What is Meditation?
The word Meditation has the its roots in Latin, "medi" meaning
"middle" and "tare" (pronounced 'taa-ray') meaning, "to stay", also means,
"ground". Hence, "meditare" staying in the middle or middle ground and hence the
word Meditation is derived... "Coming to the middle and
staying". In many places visualization exercises are given in the name
of meditation, as long as you are encouraging the mind wander about, that
certainly cannot be considered meditation. The visualization exercises are very
powerful and achieve very powerful benefits but should not be confused to
meditation. Meditation then, is the calm, unbroken, flow of concentration upon a
single, subtle, inner focus. The mind is brought into an absolute focal point of
During meditation, the mind is made to be a witness and remains undistracted
by other thoughts and feelings. To allow this to happen, the sitting posture has
to be aligned, comfortable, and steady with the breathing deep, smooth, constant
and regular. Meditation is the bridge from the physical and psychological levels
of awareness to the inner levels beyond them. Meditation is "the liberation of
the mind from all disturbing and distracting emotions, thoughts, and
desires...an inward journey in which one explores his internal states, finally
reaching that center of consciousness from where consciousness flows in various
degrees and grades" (Swami Rama).
What Meditation is not?
- Meditation is not contemplation or prayer...as there
is no dialogue, inquiry, or thought, the only dialogue is when you be-friend
and request the mind, in silence, to be silent. Since prior to this, the
mind was taught to run about in a random haphazardous manner this will be
the tendency and preference in the beginning. Meditation is not a religion
nor is Eastern; rather it is a universal spiritual or personal practice.
- There is an opinion amongst many that meditation is
self-hypnosis; this is not so because there is no suggestion given, no
specific goal sought.
- I have also heard claims that lucid dreaming is
meditation...this is not so, since the mind is conscious, alert and focused
on the object of concentration (such as breath, symbol or mantra).
- Meditation is not thought-stopping or suppression,
rather the inner material is allowed to pass without judgment, the mind
should not be allowed to go blank, this would lead to hallucination.
The most essential tool that is needed for the practice of meditation any
stage is Breath Awareness. Of course there are many very complex breathing
exercises in the science of Pranayama and even more in the Science of Swara
Yoga, but for our purpose at the beginning stage the
Breath Awareness Meditation Practice is most
appropriate and very beneficial.
Before we can go one further to practicing meditation we must become aware of
the senses. If we do not become aware of the sense, we will not be able to
control them and they are going to be the cause of great disturbance.
The senses are the portals of interaction through which we take in information
from the outside world and produce action in the outside world. In other words,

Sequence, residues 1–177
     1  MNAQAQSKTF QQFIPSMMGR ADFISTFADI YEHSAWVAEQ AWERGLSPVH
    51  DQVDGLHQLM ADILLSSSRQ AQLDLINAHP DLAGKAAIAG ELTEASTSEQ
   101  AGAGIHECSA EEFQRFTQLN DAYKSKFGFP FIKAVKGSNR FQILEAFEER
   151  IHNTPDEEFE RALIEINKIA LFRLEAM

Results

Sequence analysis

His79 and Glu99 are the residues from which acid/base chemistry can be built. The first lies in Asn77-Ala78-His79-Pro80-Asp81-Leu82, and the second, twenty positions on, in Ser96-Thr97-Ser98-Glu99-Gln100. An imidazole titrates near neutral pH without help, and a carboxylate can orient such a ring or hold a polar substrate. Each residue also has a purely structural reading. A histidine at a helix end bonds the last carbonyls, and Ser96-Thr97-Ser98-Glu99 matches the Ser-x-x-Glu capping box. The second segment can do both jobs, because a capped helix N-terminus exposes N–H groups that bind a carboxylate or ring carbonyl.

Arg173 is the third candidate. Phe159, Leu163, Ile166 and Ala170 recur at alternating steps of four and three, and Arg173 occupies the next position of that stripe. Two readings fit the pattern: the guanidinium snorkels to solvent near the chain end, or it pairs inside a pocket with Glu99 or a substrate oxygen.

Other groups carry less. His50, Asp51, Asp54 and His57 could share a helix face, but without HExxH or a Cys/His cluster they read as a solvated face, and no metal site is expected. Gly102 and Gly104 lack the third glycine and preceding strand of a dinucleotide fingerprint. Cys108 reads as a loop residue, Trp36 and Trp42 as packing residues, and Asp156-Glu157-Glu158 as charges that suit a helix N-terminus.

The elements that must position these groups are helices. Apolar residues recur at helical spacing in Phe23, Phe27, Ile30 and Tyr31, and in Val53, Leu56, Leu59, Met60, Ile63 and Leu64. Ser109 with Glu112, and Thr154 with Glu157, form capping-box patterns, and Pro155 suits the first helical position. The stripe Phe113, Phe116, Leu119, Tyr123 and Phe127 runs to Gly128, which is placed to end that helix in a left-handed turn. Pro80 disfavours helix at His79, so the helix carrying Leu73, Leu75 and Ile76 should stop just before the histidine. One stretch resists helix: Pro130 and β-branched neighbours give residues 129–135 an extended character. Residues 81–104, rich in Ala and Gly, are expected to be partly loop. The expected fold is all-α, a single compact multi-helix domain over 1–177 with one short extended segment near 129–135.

the senses have a kinship with the objects of the senses. For example, the eyes
and the visual objects has a kinship and that relationship is not to be severed,
as that is the purpose of the eyes...to see the visual objects, color and light,
etc. The ears is designed for hearing sounds, sound then is the object of
hearing and that kinship cannot be severed, and so all the senses have their
kinship with their specific objects and that relation cannot be lost. If we were
to loose them then we become very tentative in whatever we do. And live life in
fear. These are the senses of perceptions.
There are also the senses of action such as walking, talking, procreating,
nourishing oneself, etc. These are also very important on understand and bring
under conscious control.
The exercise then, is first to become aware of the senses then later to later
withdraw them from their attachment to the sense objects. The senses as it were,
are portals through which the stressors come from the outside, and we experience
stress of one kind or another. Later these impressions from the outside world is
regurgitated from the memory bank and you experience the same stress as when
they came from outside.
The practice of the sensory awareness exercise has a direct effect on the
twelve cranial nerves, which in turn is a stress reliever. The point here is
that sensory motor mind is part of the total mental functioning;
hence meditation practice does affect the sensory motor mind and will affect the
Without getting too deep into a course of neuro-mechanics, the following are
some basics of the twelve Cranial nerves (we will get into this topic much
deeper, later). They all affect and are affected by the spinal systems.
Bringing about a balance of the twelve cranial nerves affects the entire
physiology and hence becomes a very powerful therapy. But it does not end here
since meditation practice also involves the mental, emotional and spiritual.
Becoming aware of the senses is the first necessary step, then withdrawal of the
senses (Pratyahara) from the attachments to the sense objects is the next step,
then learning to concentrate the mind are preliminary steps to meditation.
The techniques for mastering this practice is given in my first course in
"Steps to Advanced Meditation"- beginners level 1
Do not practice for more that two to three minutes in the beginning.
It is better to do two minutes of practice than twenty minutes of
mind-wondering. Practice two minutes several times a day and in that way the
whole day in essence becomes a continuous meditation (meditation in action).
Look out for more hints and tips on
meditation as a practice and as therapy.
MEDITATION IN ACTION
Meditation in action is the practical application of the perspective and
skills attained through meditation in stillness. It entails the following
In 'meditation in stillness', one attends fully to the present--no other
times or places are allowed to distract the here and now orientation. In
'meditation in action', the present moment is also the primary focus--past
regrets and future worries are superceded by attention on the moment. Rather
than allowing the mind to travel elsewhere and else when, thereby imposing
subjective influences upon the present, one deals realistically and practically
with the present moment as it presents itself.
'Stillness Meditation' increases one's ability to concentrate, and this
capacity is directly applied to meditation in action through one-pointed focus
on the task at hand. Practicing this skill in daily life increases it even more,
especially because it is performed in a relaxed state. Thus, clarity, memory,
creativity, and energy are also increased. Meditation in action means paying
full attention to whatever you area doing, whether it is an activity one has a
natural interest in , like a hobby, or one that life places before one, like it